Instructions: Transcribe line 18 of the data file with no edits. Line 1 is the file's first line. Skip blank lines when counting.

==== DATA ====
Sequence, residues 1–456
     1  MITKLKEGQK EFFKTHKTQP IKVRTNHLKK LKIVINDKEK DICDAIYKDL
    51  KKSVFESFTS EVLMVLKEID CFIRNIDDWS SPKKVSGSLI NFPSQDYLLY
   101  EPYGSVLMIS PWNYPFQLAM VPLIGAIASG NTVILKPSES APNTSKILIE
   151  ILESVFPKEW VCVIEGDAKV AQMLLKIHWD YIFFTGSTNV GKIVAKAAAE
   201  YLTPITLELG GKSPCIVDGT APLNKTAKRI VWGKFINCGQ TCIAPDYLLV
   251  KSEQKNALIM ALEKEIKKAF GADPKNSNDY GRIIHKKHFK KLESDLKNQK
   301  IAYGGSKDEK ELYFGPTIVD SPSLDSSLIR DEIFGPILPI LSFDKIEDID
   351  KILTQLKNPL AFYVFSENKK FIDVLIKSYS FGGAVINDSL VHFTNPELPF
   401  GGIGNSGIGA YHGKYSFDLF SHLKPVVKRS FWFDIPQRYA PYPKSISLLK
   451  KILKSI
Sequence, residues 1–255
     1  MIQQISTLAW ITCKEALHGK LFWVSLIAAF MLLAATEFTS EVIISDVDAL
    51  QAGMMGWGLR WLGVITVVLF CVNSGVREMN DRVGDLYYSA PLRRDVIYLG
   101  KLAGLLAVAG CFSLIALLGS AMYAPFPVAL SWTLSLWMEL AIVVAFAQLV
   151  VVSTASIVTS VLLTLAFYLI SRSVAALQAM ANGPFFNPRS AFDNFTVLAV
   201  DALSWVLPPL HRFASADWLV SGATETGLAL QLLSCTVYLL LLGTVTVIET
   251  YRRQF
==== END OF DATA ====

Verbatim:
   251  YRRQF